Blogging Employee Benefits

April 15, 2006

Implicit Exception for Participant Direction

Filed under: Fiduciary, Investment — Fuguerre @ 7:32 am

The ERISA §403 requirement that plan trustees exercise exclusive control over plan assets has an "implied exception" permitting participant investment direction for an individual account plan, according to a 7th Circuit decision affirming the district court. [Jenkins v. Yager, 04-4258] A plan participant had contended that a 401(k) plan's individual direction provision violated the ERISA by delegating trustee duties. Although the 401(k) plan did not meet the special conditions for participant-directed accounts under ERISA §404(c), since individual investment changes could only be made once annually instead of quarterly, the court recognized §404(c) as only a safe harbor, not the exclusive authorization for participant-directed accounts.

If a participant-directed plan does not meet the conditions set forth in 29 C.F.R. §2550.404c-1(b), the plan trustee and fiduciaries simply do not receive the benefits of section 404(c), and they are not shielded from liability for losses or breaches of duty which result from the plan participant's exercise of control. It does not necessarily mean that such a plan violates ERISA; instead, the actions of the plan trustee, when delegating decision-making authority to plan participants, must be evaluated to see if they violate the trustee's fiduciary duty.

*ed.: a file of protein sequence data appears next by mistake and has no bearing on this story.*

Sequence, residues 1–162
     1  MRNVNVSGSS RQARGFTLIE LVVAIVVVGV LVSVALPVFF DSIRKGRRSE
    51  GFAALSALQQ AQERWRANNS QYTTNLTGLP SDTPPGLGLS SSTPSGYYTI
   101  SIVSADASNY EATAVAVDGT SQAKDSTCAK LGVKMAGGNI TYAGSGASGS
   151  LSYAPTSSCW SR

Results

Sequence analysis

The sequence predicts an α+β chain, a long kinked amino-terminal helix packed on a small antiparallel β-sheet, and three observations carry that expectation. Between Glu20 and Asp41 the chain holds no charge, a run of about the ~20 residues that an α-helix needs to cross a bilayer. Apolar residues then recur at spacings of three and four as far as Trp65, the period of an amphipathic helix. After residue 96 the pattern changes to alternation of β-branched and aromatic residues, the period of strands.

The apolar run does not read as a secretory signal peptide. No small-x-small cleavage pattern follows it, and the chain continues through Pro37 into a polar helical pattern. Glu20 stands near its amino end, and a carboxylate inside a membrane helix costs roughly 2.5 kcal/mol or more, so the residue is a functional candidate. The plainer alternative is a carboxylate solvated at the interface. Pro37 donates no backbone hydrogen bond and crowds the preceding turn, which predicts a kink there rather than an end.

In the case of the 401(k) plan involved in this case, the court then found that the trustee had not breached fiduciary duties in initial selection of available investments, in monitoring of the investments, or in the information provided to plan participants regarding investment choices. Although three of the four available investment alternatives suffered losses during 2000-2002, that in and of itself was insufficient to demonstrate a fiduciary violation.

However, the appellate court reversed the judgment of the district court favoring the trustee with respect to the profit-sharing portion of the plan, where the trustee retained authority to make the plan investments. Noting that the district court had not specifically addressed that particular claim, and finding sufficient evidence to suggest neglect, the case was remanded for further proceedings on that issue.

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